Republic of Singapore (Republik Singapura)
Capital – Singapore (city-state)
Official languages – Malay, English, Mandarin, Tamil
Religion – Buddhism (33.2%), Christianity (18.8%), Non-religious (18.5%), Islam (14.0%)
Government – Unitary dominant-party parliamentary constitutional republic
Area – 725.7 km2 (280.2 sq mi)
Population – 5 703 600
Inter. Tel. prefix – +65
Currency – Singapore Dollar
Time zone – UTC +8 (SST)
Singapore is a country with a high exotic content: four religions coexist peacefully here, and vibrant festivals occur weekly. “Lion City” Singapore and Sentosa beaches, national parks and islands, Formula 1 Grand Prix – all about Singapore.
Visitors to Singapore await visitors to Singapore with futuristic feng shui-approved skyscrapers, the world’s tallest Ferris wheel and a host of family-friendly entertainment. “Lion City” – this is how its name is literally translated from the Malay language. The list of unofficial names is very extensive – from “Disneyland for Adults” to “City of Inhibitions”. The latter directly points to a distinctive feature of Singapore – a wild one for our tourist, but that allowed the city-state to become one of the most prosperous in the world in just a few decades.
The capital of the state of Singapore is the city of the same name – a major financial and business center, one of the most modern in all of Southeast Asia. It should be borne in mind that this country is not for “beachgoers”. Even on Sentosa, where there are good beaches, rest on the ocean coast will not be the most impressive: the swimming area is fenced, the local waters cannot be called “crystal clear”, but a huge port in the line of sight, where hundreds of tankers stand in the roadstead, completes the picture. Holidays in Singapore are more for those who understand: mainly tourists who have already visited many exotic countries, in search of something new, come here, as well as businessmen – to business exhibitions.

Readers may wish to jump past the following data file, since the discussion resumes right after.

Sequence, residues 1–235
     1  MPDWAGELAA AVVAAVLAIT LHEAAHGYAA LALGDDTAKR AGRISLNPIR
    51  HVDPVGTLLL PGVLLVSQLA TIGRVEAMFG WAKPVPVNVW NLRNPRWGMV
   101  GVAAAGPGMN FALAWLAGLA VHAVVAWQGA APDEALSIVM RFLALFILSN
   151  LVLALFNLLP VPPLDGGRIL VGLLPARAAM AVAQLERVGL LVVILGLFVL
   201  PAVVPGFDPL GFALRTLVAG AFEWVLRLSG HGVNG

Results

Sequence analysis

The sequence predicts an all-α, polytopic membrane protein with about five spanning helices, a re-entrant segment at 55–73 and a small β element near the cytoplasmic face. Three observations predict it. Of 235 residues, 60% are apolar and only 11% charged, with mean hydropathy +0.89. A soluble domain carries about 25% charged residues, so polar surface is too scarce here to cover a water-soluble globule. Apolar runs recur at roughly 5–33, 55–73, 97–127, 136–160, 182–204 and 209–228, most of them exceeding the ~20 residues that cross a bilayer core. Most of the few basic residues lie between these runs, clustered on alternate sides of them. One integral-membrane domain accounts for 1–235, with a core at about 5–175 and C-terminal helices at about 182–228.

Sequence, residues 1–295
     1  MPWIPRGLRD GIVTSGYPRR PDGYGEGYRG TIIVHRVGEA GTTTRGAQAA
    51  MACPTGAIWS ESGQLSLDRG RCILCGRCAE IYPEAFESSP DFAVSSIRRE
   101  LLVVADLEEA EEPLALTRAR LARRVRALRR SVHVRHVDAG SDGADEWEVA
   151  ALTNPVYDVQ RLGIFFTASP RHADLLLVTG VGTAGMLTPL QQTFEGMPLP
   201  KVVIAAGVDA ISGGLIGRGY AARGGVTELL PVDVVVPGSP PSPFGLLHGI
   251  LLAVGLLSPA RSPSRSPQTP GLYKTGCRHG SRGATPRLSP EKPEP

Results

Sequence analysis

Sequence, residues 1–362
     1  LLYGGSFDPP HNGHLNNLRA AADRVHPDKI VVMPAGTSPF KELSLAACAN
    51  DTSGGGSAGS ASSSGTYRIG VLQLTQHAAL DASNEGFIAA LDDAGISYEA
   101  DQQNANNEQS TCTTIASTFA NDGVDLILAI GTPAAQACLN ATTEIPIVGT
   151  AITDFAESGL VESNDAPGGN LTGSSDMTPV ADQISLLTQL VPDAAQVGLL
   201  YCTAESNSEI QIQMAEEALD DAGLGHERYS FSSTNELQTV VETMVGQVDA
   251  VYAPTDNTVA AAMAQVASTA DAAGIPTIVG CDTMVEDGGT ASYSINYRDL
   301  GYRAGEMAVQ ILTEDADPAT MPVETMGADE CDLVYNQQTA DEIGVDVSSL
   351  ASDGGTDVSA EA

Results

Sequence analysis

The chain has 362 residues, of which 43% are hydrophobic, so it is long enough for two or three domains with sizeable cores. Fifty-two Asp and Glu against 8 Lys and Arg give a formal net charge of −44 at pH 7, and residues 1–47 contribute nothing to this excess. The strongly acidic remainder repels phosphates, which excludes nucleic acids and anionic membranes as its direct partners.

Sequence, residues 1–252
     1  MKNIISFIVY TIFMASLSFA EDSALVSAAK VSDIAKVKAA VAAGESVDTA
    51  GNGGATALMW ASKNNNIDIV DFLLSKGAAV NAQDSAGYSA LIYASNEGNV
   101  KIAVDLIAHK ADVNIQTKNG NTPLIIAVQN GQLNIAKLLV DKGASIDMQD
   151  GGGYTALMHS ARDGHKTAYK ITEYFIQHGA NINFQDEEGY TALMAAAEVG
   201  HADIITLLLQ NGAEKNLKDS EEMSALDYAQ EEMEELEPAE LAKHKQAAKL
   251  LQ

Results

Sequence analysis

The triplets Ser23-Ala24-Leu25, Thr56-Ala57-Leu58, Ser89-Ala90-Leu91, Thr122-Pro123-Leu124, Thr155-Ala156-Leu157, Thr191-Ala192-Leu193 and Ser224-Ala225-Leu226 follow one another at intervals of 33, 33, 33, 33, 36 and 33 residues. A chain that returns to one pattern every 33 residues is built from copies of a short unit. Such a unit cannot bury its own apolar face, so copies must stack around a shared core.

MOST VISITED AREAS
The capital of the state – the city of Singapore – is bright, modern and, as often happens in Asia, striking in contrasts. Its heart is the Central Region: administrative and business districts plus the colonial part of the 19th century. Iconic landmarks are the Victorian Impress Place Building with a museum and restaurant, Parliament, St. Andrew and the Good Shepherd and, of course, the famous Marina Bay with the hotel of the same name – a revived illustration for a futuristic story.
The largest area of Singapore is Chinatown, bustling, crowded and true to tradition. The Chinese Baroque signage houses an endless string of cheap hostels, cafes and shops where you can find anything from shark fins to swallow’s nests for mere pennies.
In some places on the streets, mirrors hang to scare away evil spirits: a sure sign that a fortuneteller, tarologist or feng shui master is lurking nearby.
Another picturesque quarter is Little India. It is impossible to leave here without shopping: the counters are bursting with precious jewelry, aromatic spices and colorful sarees. The Arab region is centered around the Sultan Mosque, with its spectacular golden dome. Trade is also boiling on the local streets: carpets, sarongs and silk are snapped up by tourists eager for exoticism.
The trendiest area in Singapore is Orchard Road, lined with fashionable hotels, shopping malls, clubs and restaurants. The main pearl is the Botanical Garden, recognized as one of the best in the world. And Jurong is an industrial center, more like a separate city.
Diverse Singapore is not only the capital, but also the surrounding islands. The most famous is Sentosa with an unusually beautiful nature and a whole collection of entertainment: the huge Underwater World Oceanarium, the Butterfly Park, the Universal Studios complex. On Pulau Ubin Island you can enjoy the tranquility of fishing villages, while on Pulau Tekong you can stroll through virgin forests and relax on deserted beaches.
The weather in Singapore is the benchmark for stability, with winter and summer temperatures differing by only 1-2 ° C. The climate on the island is tropical monsoon, which means that you should put an umbrella in your suitcase before traveling: it rains here all year round. The only question is the intensity: from November to February real showers fall on the country, which do not subside for several days in a row, at best, they stop for a couple of hours. Therefore, it is better to go to Singapore from March to October: spring and autumn are warm here, and in summer there is every chance to see the sights without getting wet to the skin.